Combined Worksheet Barriers to Effective Term Paper

Excerpt from Term Paper :

The awareness of those assumptions, in conjunction with case elements, creates a new way of looking at case studies. One is more alert to the prejudices and other assumptions experienced by people in the work place, or even other environments.

2. What did you learn about yourself in the course of this exercise?

That, prior to the course, my awareness of these issues was limited. That age discrimination takes on a greater meaning in the work place than not hiring someone because of their age. That when you hire someone, it should be on an equal basis, one of job related duties to the skill, the environment, and even the existing staff. Sometimes, especially when one is over qualified or over educated for a position, it is going to be more problematic than hiring someone who needs to be trained.

3. What did you learn about others in the course of this exercise?

That everyone has their own agenda, and that they are in pursuit of their own life goals as the motivation for the work they seek and do. That when those personal agendas stand at odds with the corporate or employer's agenda and goals, changes must be made. However, it should be the goal of each employer not to build dynamics where they are altering the individual employee's life because they made a mistake in hiring. That the supervisor had her own goals in mind - she needed a mature person who would show up for work and not create the dynamics that had caused her predecessor to be terminated; was not looking towards everyone's, and especially the hospital's needs.

There are responsibilities that come with being in a position to affect the life of another individual in a dramatic way. Employment and loss of employment are two of the most dramatic ways in to impact a person's life. Great care and thought should be exercised when hiring and firing a person.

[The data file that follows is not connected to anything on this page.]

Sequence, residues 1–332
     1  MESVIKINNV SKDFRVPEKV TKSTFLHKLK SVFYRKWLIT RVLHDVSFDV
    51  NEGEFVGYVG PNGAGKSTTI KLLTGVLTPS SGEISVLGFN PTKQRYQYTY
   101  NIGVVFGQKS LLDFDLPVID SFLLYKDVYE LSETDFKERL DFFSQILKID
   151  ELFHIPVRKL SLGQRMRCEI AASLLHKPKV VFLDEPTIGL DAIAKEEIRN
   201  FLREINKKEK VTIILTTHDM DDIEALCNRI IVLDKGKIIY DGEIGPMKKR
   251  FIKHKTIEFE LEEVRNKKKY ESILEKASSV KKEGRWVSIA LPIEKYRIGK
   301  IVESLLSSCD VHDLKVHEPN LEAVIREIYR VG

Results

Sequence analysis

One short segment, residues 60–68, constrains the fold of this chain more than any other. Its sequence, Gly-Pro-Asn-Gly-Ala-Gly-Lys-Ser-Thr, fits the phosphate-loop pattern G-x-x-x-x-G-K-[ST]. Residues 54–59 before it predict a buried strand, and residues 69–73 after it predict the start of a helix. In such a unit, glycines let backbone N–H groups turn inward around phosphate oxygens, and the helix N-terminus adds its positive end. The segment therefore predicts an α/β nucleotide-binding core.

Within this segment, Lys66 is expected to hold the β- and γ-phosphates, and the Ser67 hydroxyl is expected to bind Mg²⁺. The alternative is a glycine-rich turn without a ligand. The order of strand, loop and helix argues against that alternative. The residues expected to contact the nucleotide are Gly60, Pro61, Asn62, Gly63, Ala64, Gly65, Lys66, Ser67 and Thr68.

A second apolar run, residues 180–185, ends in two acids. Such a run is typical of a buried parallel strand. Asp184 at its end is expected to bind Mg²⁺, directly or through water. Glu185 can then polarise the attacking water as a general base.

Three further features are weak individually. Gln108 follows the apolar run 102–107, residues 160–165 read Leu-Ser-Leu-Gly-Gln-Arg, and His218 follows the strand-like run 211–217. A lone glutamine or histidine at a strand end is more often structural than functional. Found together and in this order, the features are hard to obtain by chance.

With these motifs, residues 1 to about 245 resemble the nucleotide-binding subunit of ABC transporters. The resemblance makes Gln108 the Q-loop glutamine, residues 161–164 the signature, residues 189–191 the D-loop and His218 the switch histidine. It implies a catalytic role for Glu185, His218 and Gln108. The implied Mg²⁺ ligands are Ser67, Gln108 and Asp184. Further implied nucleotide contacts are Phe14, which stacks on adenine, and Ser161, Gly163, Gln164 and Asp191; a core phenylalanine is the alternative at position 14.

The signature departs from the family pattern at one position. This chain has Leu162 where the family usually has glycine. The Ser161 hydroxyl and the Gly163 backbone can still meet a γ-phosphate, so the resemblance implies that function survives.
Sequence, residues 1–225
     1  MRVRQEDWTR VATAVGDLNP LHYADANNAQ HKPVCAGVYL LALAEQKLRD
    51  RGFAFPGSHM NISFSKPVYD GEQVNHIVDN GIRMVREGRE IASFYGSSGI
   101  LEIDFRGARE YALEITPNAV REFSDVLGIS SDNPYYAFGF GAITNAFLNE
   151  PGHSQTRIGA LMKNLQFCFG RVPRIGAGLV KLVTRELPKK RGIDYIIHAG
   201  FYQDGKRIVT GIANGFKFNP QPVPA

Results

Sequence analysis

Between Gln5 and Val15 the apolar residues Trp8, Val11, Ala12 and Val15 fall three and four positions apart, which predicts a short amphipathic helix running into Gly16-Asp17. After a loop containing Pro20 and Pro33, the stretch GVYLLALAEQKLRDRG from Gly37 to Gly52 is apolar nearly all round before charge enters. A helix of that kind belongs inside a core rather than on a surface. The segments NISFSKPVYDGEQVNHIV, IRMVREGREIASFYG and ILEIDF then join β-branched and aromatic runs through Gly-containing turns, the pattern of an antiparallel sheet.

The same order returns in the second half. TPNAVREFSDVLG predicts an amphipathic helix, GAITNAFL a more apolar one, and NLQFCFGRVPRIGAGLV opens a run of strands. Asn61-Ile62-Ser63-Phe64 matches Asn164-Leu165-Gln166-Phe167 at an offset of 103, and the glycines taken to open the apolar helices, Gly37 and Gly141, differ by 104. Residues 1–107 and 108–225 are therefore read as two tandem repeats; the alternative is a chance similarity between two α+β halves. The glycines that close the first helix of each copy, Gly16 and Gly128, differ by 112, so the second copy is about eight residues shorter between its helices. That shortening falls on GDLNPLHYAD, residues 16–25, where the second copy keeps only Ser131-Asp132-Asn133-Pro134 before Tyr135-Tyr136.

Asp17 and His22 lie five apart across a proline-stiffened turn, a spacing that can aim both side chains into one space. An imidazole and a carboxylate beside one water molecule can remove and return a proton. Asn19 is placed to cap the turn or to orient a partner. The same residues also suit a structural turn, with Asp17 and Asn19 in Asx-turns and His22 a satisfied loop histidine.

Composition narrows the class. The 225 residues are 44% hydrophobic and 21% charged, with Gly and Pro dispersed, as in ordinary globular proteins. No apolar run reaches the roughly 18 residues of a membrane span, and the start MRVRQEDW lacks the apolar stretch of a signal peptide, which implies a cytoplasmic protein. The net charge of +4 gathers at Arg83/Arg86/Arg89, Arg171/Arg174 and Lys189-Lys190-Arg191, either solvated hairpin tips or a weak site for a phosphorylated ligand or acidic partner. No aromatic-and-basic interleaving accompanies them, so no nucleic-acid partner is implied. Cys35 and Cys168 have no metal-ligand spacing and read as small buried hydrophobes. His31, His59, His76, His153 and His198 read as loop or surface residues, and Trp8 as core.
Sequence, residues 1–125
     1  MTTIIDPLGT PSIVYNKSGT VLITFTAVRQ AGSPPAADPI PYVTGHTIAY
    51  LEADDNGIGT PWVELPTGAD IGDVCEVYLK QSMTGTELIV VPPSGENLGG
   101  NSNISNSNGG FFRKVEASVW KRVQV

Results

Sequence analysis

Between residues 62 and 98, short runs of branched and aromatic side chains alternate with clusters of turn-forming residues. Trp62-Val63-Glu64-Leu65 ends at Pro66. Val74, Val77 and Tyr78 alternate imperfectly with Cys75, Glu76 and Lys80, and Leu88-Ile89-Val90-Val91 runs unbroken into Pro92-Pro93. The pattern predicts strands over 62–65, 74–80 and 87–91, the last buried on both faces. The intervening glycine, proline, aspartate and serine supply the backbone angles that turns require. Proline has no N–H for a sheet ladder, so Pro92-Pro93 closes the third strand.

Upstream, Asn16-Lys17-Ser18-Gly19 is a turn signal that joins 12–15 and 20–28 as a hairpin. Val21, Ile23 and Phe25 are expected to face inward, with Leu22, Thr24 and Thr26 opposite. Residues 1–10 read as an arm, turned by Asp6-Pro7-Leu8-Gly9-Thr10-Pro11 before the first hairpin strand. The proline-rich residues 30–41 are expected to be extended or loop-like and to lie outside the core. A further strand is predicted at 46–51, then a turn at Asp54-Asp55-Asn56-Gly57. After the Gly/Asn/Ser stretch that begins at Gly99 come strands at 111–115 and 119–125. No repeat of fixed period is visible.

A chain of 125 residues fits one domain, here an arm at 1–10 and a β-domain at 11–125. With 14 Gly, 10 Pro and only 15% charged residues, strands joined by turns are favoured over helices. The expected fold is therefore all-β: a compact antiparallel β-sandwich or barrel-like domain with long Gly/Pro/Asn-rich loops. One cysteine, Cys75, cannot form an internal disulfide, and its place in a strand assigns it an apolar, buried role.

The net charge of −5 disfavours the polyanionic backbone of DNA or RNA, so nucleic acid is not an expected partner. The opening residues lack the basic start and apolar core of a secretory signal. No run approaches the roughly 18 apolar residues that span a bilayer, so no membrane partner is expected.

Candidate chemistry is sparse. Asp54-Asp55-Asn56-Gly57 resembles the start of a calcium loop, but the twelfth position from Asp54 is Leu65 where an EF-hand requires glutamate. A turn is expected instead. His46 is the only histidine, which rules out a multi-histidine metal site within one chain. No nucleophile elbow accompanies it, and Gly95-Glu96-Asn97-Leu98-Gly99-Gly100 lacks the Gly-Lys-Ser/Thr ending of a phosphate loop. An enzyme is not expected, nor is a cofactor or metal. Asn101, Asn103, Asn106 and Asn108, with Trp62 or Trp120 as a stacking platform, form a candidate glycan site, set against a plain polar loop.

4. Name two ways in which you can use what you have learned in daily life.

First, in my role as one having the responsibility to hire and fire others, I proceed with caution, and with consideration of the organization's needs first. I would look to match the task to the person being hired, and to not hire someone for being over qualified is not a bad choice to make. As we can see from the case study here, it can lead to larger problems.

Also, that all people must be treated equally in employment, as well as other public or social settings. That to distinguish them as being separate and apart from others because of their individual differences, is wrong. However, it is equally wrong to expect those people who are vastly different from others to be a good fit for certain kinds of environments. That does not mean, however, that a person does not fit anywhere. What the supervisor in the case above might have done, rather than fire the new person, is to find a better fit for that woman within the organization.

Cultural diversity is not just based upon ethnicity; it is a combination of all the social factors that exist within a society. Distinguishing people of a certain age to treat in a "different" way than others are treated, is as much a cultural bias as is a bias based on ethnicity. Age related problems in America are a part of the American complexion.

Worksheet 17

Personal Competencies and Your Work Setting (approx. 15 mins)

Purpose to foster awareness and understanding of the 14 personal competencies for maintaining effective communication and relationships in a culturally diverse work setting and to practice the dialogue process.

Instructions Form groups of four or five people. Discuss and identify three competencies important for effective relations with coworkers and clients (or patients, students -- those to whom service or a product is provided). The result of your discussion will be two lists of three competencies each to be shared in the whole group discussion. If you are in an internet course, do this worksheet individually.

Three competencies to be used with coworkers:

The first competency is respect for other individuals. Respecting other individuals means their expertise, their lack thereof. It means that everyone brings to the table different skill sets, and can be considered as assets in different ways. Respecting another for their contribution means identifying that their skill set can make a positive contribution to the puzzle of the environment. That even though one skill set varies from another, putting these individuals together in a group setting with a focus on a goal or mission, can complete the steps to accomplishing that mission.